No one knows.
e. What is the net effect nationwide?
No one knows.
h. Keep in mind, there is interference not just from new licensees to incumbents, but vice versa as well.
Interference is the central issue in this proceeding. If there were no change in interference standards, this proceeding would be about nothing more than reducing the power floor for FM transmission and restricting ownership of low-power to certain entities. Instead, the Commission plans to change interference limitations.
9. 1000 watt stations are low power.
10. LPFM licenses will be available in all markets.
In practice, LPFM licenses will not be available in large markets, regardless of the change in interference standards. Any LPFM licenses will be issued in small and medium-sized markets.
We have had a process that can only be described as a rush to judgment.
a. NPRM issued without engineering study
b. Little time given for comment
c. Request for more time only given a few weeks
d. Quickly prepared engineering studies
The entire process has taken weeks instead of years for digital television.
We got everything right on digital TV, didn't we?
In the process, the FCC has raised expectations about LPFM that simply cannot be met.
1. People expecting to get licenses won't get them.
2. Licenses cannot be kept out of "wrong" hands
3. Interference will go up
4. Pirates won't go away.
IV. Special Honoree
Finally, let me tell you something about the convention's special honoree. I have always been fascinated by the military and military history. Part of my fascination are the obvious facets of the military: duty and honor; discipline and sacrifice. The military can be glorious.
But part of my fascination is war itself and the role of the military within it. War is not glorious. It is hell. A war is a limitless hell for those it most directly affects, and a hell that potentially can spread anywhere.
War is chaos. Bad things here; worse things there; people dying prematurely; hurt, suffering, and devastation without end; little rhyme or reason anywhere.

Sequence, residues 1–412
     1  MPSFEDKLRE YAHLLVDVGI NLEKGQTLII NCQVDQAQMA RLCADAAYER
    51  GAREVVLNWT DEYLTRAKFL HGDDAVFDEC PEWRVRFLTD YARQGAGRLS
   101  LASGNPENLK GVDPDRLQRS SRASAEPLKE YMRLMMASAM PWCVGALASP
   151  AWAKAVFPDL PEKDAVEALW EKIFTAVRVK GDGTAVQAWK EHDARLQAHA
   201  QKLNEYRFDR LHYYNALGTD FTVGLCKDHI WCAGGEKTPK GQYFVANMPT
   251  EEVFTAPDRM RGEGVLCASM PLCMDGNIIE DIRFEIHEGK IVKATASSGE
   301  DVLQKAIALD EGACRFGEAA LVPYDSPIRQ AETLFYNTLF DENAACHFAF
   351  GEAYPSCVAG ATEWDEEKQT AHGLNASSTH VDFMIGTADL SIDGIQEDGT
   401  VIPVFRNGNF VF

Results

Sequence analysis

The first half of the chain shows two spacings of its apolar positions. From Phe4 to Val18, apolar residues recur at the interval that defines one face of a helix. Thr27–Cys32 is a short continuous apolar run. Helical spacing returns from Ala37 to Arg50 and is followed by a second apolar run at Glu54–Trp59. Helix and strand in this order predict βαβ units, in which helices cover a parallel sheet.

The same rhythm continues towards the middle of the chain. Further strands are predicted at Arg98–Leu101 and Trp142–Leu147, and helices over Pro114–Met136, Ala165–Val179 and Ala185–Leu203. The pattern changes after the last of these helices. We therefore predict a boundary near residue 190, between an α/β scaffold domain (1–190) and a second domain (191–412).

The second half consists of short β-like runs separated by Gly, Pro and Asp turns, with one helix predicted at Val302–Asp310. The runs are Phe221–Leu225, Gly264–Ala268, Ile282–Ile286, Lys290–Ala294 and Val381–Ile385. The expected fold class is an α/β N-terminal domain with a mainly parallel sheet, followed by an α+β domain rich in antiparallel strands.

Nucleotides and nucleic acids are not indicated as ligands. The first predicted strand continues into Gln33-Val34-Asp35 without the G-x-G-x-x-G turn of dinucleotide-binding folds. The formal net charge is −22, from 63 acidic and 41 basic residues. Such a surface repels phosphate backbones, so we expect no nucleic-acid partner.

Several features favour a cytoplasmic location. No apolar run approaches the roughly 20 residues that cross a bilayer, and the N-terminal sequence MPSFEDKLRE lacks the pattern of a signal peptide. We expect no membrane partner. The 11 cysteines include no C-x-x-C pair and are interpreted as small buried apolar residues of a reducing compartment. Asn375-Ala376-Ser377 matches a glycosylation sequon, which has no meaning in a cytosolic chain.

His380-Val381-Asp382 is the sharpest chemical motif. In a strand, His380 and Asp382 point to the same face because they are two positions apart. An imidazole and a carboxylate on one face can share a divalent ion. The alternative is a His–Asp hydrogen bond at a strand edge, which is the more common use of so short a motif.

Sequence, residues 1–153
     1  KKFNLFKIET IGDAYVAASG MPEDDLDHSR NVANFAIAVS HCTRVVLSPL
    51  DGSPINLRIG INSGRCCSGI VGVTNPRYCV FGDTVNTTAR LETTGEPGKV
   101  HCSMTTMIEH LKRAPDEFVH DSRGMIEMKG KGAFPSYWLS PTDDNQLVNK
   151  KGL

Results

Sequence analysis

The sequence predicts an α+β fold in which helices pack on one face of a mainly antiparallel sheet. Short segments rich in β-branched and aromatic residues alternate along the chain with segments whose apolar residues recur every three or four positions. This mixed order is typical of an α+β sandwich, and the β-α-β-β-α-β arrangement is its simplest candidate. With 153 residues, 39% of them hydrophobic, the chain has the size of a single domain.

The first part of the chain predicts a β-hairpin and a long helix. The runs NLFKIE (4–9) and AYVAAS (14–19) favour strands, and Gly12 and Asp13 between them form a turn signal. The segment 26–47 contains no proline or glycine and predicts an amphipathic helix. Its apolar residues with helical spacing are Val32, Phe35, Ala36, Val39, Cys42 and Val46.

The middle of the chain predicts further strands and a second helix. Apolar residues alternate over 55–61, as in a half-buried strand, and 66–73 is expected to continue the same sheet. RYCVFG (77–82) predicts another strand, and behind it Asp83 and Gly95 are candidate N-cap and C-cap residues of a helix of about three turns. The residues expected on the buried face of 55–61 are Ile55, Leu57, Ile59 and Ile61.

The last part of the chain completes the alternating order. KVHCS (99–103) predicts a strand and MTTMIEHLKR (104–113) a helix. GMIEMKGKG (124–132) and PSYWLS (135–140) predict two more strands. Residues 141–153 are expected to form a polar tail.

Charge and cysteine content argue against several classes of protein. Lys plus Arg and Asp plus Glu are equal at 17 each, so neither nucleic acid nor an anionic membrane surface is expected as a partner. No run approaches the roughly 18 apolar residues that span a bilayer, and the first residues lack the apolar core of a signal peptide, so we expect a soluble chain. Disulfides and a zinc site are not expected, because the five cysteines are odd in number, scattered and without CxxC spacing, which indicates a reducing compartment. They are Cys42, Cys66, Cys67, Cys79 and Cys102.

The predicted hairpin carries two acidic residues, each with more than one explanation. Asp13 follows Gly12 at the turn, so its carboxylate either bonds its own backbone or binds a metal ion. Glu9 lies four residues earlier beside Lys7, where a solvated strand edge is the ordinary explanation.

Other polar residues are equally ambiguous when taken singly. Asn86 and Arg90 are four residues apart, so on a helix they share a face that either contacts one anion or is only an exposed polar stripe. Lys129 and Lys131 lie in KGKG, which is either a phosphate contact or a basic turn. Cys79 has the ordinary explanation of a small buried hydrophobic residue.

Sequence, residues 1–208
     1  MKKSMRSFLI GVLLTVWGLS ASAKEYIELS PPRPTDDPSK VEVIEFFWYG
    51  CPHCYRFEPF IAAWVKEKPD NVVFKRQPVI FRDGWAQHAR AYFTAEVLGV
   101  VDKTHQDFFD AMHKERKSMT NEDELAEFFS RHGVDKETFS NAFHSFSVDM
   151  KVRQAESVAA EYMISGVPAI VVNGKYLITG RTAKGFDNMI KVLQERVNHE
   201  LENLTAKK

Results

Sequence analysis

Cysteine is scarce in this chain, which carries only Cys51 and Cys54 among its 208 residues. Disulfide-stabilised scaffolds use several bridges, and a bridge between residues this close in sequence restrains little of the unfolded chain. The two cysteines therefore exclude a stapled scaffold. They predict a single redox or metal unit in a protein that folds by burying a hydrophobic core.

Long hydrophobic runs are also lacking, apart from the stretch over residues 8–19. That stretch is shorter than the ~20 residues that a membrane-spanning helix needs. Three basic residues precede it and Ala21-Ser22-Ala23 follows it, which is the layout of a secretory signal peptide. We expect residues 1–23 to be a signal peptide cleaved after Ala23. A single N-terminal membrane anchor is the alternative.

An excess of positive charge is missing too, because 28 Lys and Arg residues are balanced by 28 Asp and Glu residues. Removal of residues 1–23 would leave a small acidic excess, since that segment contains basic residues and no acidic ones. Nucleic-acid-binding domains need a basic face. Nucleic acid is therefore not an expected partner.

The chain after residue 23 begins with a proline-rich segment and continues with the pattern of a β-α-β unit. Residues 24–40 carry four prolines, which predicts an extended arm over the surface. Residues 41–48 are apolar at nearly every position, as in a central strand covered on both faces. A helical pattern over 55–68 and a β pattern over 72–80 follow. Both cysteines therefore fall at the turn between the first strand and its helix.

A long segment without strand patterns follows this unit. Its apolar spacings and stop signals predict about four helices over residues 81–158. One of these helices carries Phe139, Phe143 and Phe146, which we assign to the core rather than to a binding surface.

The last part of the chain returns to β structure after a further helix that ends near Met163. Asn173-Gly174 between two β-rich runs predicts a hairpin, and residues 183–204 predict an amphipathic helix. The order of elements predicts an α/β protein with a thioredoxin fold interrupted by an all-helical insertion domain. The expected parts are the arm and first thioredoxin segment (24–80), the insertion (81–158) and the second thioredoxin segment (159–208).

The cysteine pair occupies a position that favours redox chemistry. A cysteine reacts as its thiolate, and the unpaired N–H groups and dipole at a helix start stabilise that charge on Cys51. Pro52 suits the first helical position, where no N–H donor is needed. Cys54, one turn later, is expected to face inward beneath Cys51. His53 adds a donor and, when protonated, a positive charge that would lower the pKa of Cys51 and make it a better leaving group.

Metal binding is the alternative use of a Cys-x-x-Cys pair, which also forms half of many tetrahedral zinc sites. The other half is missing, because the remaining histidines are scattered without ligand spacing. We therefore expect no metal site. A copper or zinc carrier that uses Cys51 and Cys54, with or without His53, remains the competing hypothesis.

In the midst of this chaos are men who fight. Men who ordinarily wouldn't risk their lives for an instance, risk their lives continually. Men who ordinarily would not trust anyone for anything, trust a superior officer with their lives for months on end.
For centuries on end, military historians have written about what distinguishes a great military leader from a mere mortal. I have two insights I would like to share with you that leadership is serving those for whom you are responsible.
When I finished graduate school, I went to work for a think tank for the Navy and Marine Corps. On one project, I worked closely with a Marine Corps major. He worked long hours on the project plus he had a company of Marines under his command. One day, the officer seemed troubled. One of his Marines had gotten into some serious trouble with the law. But he said that his Marine was innocent.
I asked him: "How do you know?"
He said: "He told me so. He wouldn't lie to me."
And so this major, after working during the day on our project, worked every night for a week to free his Marine from his legal trouble. And it turns out, he was right: he was innocent.